Farm Eight

If this were 1781 or 1856 I’d write the weekly letter home.

“Dearest Mother, How is Aunt Maybelle? Tell her not to take too much of the laudenum. As it is habit forming.

“As for myself I am confined to my room with a corona sickness. But do not fear. I know that my redeemer liveth and by the grace of God I shall come through. Do not worry over much.”

But this isn’t something to write home about. It’s the damned flu is all and I need someone to poke a hole in my head to relieve the pressure. For all its side effects trepanning had its advantages.

I fell asleep and in my nap I found myself on a farm crouched on the ground at the foot of a deep hedgerow. Something was calling to me. It was necessary to humble myself with an ear to the ground and an eye in the dirt to peer into the dim tangle of undergrowth.

In a moment I saw something I hesitate to describe. No doubt some will judge me to be touched. I don’t doubt it, but that’s beside the point.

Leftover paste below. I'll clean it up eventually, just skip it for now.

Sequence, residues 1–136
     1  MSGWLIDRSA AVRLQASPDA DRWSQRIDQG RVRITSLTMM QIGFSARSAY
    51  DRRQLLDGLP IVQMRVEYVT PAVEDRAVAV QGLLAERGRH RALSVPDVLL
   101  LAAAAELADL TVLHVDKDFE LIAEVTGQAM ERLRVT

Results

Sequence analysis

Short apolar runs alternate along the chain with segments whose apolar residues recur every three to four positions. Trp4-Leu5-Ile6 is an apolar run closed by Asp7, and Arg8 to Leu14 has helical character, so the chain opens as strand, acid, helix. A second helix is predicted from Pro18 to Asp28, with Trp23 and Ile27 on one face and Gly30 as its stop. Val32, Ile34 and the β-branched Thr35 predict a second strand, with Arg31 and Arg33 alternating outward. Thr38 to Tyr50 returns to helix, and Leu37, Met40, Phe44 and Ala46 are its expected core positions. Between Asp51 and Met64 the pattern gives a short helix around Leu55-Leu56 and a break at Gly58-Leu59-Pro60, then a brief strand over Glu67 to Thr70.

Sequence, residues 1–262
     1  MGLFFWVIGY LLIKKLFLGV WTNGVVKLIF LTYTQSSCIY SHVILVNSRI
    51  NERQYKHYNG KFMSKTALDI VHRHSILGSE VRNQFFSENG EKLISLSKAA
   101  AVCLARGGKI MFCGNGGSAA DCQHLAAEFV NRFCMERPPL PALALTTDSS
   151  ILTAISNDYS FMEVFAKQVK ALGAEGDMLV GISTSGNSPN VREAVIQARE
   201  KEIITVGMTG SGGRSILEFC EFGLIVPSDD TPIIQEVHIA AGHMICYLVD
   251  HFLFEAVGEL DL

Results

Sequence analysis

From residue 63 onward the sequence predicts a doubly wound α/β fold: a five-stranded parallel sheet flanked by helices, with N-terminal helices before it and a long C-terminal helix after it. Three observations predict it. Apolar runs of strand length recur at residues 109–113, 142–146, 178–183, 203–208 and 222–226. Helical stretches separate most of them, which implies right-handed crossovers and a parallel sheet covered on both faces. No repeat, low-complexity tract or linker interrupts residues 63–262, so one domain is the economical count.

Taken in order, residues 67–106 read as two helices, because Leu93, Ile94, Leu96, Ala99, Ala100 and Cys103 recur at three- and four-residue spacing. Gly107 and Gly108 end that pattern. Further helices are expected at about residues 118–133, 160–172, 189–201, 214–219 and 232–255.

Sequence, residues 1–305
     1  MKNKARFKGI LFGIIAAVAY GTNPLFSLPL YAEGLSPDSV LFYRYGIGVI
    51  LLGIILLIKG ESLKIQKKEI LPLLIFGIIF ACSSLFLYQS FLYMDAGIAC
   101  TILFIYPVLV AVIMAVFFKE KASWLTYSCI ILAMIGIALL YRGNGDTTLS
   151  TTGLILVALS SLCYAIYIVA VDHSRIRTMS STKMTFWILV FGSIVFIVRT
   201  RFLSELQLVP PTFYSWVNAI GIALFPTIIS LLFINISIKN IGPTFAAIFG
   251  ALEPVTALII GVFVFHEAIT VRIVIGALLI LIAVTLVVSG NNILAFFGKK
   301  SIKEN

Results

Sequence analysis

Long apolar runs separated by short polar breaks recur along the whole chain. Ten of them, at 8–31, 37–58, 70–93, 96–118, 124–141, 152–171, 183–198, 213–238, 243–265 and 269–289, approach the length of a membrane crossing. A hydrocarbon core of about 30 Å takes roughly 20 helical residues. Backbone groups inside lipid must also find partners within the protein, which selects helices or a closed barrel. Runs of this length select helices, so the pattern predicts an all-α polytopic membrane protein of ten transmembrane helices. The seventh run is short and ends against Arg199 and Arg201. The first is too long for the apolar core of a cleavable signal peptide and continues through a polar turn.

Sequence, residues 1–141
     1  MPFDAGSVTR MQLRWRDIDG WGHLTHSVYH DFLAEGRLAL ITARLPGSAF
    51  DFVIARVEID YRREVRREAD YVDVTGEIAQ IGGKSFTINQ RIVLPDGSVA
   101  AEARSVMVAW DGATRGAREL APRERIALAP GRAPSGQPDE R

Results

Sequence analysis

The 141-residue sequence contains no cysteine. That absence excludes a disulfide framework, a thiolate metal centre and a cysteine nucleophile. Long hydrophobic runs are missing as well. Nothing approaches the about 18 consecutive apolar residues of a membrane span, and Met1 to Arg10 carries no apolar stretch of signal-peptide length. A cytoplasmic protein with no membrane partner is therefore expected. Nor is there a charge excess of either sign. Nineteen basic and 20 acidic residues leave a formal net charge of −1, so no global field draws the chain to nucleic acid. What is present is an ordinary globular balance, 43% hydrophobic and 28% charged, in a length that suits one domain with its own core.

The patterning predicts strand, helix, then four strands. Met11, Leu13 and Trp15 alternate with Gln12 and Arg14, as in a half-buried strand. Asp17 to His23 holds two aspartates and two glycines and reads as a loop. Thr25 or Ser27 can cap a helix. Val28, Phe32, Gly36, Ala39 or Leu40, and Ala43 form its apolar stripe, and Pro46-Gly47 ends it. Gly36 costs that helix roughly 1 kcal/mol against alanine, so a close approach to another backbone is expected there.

It was a family of field mice just sitting down to supper. The table was simply but neatly laid. Grandfather was present (he was the one moving slow, as he seemed to have a bum leg, deformed, perhaps, by an unfortunate encounter with some sort of spring-loaded contraption), and there were, I think, only 15 children.

The sound of the tiny dinner bell is what had drawn my attention. Such a cozy, home-spun simplicity was something of which Thoreau would have been proud. I wished I could join them, the feeling was so strong.

It was a peaceful rural scene to be sure, and my perspective on small agri-rodents changed forever.

But alas, the moment left as quickly as it came. The scene was withdrawn from me, so I withdrew my head from the hedge in resignation and found myself in bed sick again, drooling from the mouth and snotting (?) from the nose.

“Dearest Mother, believe me when I say that to judge another species from recycled hearsay and fairy tales is the height of foolishness.

“Also, it is a good idea to lay on your back whilst napping.”